Belfast flyweight Brendan Irvine missed out on Olympic qualification as he was beaten in Turkey on Friday although he will have another chance to book his spot in Rio on Saturday.
Irvine, 19, was beaten by Armenia's Narek Abgaryan in the semi-finals of the European Olympic qualifying event.
However with three Rio spots available, Irvine has another chance on Saturday.
Irish lightweight David Oliver Joyce lost a tight verdict against Britain's Joe Cordina in his semi-final.
Irvine forced Abgaryan to take a late standing count in the closing seconds of their flyweight semi-final but the Armenian took a deserved unanimous verdict in Samsun.
The Belfast man, a silver medallist at last year's inaugural European Games, will secure a Rio berth if he defeats Bulgaria's Daniel Asenov in a box-off on Saturday.
Asenov was outpointed by Britain's Muhammad Ali in Friday's other flyweight semi-final.
St Paul's club-man Irvine produced a clever left-right combination early on but the busy Armenian hit back with a number of decent shots to taken the first round on all three judges' cards.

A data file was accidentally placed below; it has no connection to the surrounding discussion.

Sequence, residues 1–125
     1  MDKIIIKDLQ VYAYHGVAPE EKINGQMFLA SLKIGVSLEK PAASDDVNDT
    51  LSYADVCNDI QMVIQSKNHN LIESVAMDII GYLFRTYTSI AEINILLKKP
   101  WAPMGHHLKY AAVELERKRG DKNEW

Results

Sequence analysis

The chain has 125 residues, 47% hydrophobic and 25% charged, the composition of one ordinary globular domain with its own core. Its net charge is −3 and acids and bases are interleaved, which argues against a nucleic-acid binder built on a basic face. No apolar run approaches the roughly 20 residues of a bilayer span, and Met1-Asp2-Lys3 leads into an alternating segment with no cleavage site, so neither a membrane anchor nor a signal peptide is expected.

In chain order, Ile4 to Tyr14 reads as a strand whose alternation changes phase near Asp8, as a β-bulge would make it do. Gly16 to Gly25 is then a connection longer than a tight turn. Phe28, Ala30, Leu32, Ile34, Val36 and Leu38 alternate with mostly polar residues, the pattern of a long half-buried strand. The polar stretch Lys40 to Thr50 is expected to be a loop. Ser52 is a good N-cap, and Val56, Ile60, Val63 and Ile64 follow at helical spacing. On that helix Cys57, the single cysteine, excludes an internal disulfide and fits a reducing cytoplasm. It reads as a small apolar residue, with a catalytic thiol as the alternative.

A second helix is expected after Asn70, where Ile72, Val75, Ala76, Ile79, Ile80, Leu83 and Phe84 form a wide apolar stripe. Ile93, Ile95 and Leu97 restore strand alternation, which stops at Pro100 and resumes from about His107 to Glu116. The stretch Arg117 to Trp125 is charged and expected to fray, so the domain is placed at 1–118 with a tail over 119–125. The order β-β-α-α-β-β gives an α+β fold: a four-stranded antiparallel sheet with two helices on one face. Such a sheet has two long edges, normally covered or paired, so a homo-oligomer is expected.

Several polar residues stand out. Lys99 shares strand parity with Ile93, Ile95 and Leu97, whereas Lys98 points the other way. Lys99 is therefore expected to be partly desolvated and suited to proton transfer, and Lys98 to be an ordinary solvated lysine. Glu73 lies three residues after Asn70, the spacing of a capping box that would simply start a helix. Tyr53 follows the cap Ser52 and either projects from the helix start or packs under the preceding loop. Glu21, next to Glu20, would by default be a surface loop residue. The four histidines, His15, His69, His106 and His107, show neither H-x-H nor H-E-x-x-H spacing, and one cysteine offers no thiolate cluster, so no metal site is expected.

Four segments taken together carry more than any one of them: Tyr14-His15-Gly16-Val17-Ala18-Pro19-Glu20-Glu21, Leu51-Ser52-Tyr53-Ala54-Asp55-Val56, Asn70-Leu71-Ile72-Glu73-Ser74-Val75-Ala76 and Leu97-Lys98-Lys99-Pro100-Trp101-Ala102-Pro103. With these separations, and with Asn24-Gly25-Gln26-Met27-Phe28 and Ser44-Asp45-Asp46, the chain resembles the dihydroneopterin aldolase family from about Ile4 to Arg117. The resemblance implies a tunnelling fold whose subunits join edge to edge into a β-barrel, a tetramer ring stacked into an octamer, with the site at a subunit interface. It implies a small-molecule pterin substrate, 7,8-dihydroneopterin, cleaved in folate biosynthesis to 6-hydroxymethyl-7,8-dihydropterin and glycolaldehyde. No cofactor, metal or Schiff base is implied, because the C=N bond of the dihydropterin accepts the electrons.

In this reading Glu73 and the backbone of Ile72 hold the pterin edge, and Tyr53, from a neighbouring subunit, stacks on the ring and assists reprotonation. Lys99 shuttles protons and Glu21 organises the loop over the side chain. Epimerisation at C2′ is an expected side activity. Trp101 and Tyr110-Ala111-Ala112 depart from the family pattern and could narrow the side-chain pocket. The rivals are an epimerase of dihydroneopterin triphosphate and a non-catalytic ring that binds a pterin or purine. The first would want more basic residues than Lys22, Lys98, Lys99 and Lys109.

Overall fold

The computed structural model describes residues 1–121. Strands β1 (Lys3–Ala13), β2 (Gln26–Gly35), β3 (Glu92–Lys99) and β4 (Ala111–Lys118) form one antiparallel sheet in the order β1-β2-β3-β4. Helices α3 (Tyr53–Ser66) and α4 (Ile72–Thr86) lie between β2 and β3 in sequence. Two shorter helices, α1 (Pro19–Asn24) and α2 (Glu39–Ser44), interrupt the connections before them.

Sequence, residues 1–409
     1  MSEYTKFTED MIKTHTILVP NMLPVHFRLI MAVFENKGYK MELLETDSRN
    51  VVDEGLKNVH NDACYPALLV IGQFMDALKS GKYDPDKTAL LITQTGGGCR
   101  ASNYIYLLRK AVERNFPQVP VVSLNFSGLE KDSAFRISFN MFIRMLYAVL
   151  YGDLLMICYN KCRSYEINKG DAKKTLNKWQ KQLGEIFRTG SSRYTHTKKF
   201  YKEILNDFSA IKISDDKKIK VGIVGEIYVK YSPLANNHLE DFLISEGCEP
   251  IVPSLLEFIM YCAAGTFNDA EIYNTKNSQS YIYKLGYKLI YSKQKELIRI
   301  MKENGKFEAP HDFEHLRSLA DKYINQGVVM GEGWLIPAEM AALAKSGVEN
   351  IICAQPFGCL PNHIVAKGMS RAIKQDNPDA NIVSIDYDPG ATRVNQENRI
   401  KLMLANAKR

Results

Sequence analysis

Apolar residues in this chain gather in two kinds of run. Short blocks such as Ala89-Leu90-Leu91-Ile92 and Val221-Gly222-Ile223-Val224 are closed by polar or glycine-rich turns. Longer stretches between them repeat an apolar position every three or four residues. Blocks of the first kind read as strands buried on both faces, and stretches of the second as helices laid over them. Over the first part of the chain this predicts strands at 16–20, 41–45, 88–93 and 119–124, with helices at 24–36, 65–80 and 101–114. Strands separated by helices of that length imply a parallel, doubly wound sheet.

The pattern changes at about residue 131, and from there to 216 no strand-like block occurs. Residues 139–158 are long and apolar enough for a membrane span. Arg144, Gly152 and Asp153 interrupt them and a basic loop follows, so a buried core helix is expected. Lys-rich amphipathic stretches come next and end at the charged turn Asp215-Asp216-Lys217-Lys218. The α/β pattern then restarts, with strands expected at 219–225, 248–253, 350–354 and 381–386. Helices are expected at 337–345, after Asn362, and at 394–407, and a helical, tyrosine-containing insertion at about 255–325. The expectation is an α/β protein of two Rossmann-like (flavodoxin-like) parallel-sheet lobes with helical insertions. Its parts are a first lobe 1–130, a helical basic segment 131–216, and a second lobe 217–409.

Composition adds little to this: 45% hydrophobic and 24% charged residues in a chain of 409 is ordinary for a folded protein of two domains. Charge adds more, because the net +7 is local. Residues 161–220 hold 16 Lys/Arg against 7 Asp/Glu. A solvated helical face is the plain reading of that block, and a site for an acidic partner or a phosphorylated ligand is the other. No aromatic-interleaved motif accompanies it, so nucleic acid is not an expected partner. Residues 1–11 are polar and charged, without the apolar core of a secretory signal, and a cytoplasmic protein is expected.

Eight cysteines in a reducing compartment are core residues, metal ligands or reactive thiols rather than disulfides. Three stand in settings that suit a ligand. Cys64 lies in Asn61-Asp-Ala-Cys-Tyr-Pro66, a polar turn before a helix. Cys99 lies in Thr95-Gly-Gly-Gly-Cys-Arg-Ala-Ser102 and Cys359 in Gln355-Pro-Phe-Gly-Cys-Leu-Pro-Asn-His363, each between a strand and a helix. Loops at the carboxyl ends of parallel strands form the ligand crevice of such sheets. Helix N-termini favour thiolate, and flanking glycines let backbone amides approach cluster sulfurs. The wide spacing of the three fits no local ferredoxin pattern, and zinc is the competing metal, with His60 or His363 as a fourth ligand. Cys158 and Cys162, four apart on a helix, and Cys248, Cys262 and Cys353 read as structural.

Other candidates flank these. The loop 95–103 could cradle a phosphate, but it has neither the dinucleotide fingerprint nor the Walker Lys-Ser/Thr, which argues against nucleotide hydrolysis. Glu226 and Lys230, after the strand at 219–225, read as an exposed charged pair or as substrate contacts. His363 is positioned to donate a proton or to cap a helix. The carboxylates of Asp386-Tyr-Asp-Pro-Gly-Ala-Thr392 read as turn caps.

Abgaryan dominated the second session with one big right hand, in particular, rocking back Irvine on his heels.
Trailing 20-18 on all three cards heading into the final round, Irvine bravely attempted to turn around the contest but the Armenian stayed out of range for the most part.
Abgaryan appeared to think that the bell had already sounded as he dropped his hands with 10 seconds remaining, as a barrage of Irvine blows led to a standing count for the Armenian.
But Abgaryan had already done enough to get the verdict.
Irish lightweight Joyce looked decidedly unhappy after the three judges all gave Britain's Cordina a 29-28 verdict in their semi-final.
Cordina did look to have shaded the first round but Joyce appeared to have conclusively won the second session, only for two of the judges to give the Britain a 10-9 verdict.
That left the European champion in control of the bout heading into the final round and although Joyce was given the last session by two of the judges, the Irishman was never going to be able to peg back the deficit.
To increase Joyce's sense of grievance, the judge that had scored the fight level after two rounds gave the final session to the Welshman which meant a unanimous verdict.